The world champion proved the strongest on the uphill finish into Cherbourg-en-Cotentin, passing Julian Alaphilippe (Etixx-Quick Step) at the last.
The stage win and accompanying time bonus also puts Sagan into yellow for the first time in his career.
He is also leader the green jersey points competition, a lead he may not let slip for the rest of the race, having won the competition every year since 2012.
Sagan did not celebrate his victory as he crossed the line, and it looks as though he was unsure he'd won due to miscommunication about the fate of the breakaway.
He is the first world champion to wear the yellow jersey since Thor Hushovd in 2011, and the first to win a stage wearing the rainbow stripes since Mark Cavendish in 2012.
Sagan's Tinkoff team set the pace on the final climb, with Roman Kreuziger pushing hard to stop anyone from coming round.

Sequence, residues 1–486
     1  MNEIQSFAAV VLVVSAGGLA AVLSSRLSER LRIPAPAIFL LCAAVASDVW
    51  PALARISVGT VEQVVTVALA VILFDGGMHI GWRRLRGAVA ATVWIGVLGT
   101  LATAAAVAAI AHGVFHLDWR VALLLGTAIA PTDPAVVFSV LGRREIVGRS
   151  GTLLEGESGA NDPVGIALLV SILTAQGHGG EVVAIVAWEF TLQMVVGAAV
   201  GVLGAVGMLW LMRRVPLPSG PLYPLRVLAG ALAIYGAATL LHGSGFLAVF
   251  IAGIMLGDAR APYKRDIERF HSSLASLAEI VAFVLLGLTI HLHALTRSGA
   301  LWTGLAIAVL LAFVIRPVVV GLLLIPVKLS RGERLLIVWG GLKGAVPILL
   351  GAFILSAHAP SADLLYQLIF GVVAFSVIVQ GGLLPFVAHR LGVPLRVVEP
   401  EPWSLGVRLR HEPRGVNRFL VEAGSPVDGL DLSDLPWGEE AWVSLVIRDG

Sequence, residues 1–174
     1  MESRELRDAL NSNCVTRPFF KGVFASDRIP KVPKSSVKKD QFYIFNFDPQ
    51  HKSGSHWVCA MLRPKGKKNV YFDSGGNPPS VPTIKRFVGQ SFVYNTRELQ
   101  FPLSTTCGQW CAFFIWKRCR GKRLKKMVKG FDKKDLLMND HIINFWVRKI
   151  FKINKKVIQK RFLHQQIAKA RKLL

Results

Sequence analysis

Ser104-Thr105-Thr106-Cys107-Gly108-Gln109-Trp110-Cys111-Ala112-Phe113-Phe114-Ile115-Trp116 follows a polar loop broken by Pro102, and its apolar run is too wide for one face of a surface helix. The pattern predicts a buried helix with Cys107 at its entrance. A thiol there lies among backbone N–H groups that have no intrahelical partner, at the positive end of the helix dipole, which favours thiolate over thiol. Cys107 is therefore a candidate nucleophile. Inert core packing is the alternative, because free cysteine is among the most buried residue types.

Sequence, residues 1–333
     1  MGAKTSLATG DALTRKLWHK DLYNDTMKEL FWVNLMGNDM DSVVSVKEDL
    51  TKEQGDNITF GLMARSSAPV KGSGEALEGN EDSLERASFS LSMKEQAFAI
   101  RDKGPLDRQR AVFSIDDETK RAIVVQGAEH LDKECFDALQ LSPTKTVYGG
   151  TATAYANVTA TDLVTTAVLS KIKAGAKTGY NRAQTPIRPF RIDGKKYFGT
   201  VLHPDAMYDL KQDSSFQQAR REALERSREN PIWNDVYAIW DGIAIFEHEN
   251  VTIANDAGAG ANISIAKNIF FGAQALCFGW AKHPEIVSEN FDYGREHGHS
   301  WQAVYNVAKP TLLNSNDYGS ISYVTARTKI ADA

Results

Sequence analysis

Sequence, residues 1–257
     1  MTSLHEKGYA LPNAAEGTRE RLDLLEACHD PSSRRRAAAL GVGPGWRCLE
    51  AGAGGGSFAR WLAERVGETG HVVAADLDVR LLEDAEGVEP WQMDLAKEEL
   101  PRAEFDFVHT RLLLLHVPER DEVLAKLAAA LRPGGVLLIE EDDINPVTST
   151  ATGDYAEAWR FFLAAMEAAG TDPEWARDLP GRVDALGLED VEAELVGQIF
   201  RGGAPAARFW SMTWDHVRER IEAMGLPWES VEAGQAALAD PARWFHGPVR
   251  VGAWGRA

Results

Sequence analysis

The sprint then got a bit scrappy, and it looked as if Alaphilippe could have got the better of his rivals, but Sagan came through to take the stage and the overall lead.
For stage two of the 2016 Tour de France, all eyes were on Cavendish who was wearing the leader's yellow jersey for the first time in his career.
It was always an ask for the Manxman to hold the overall lead considering stage two's closing kilometres, and he finished over a minute down to forfeit the yellow jersey.
Alberto Contador (Tinkoff) lost time to his GC rivals, the cause of which could be his crashes on both stages of the race so far, finishing 48 seconds down on the stage.
Richie Porte (BMC Racing) also saw his GC chances take an early hit as he endured a very slow rear wheel change from Mavic neutral service whilst his rivals disappeared up the road.
As the script demands, a breakaway went away from the peloton early in the stage and those present pedalled their way towards the finish line safe in the knowledge that they'd be overtaken before the end.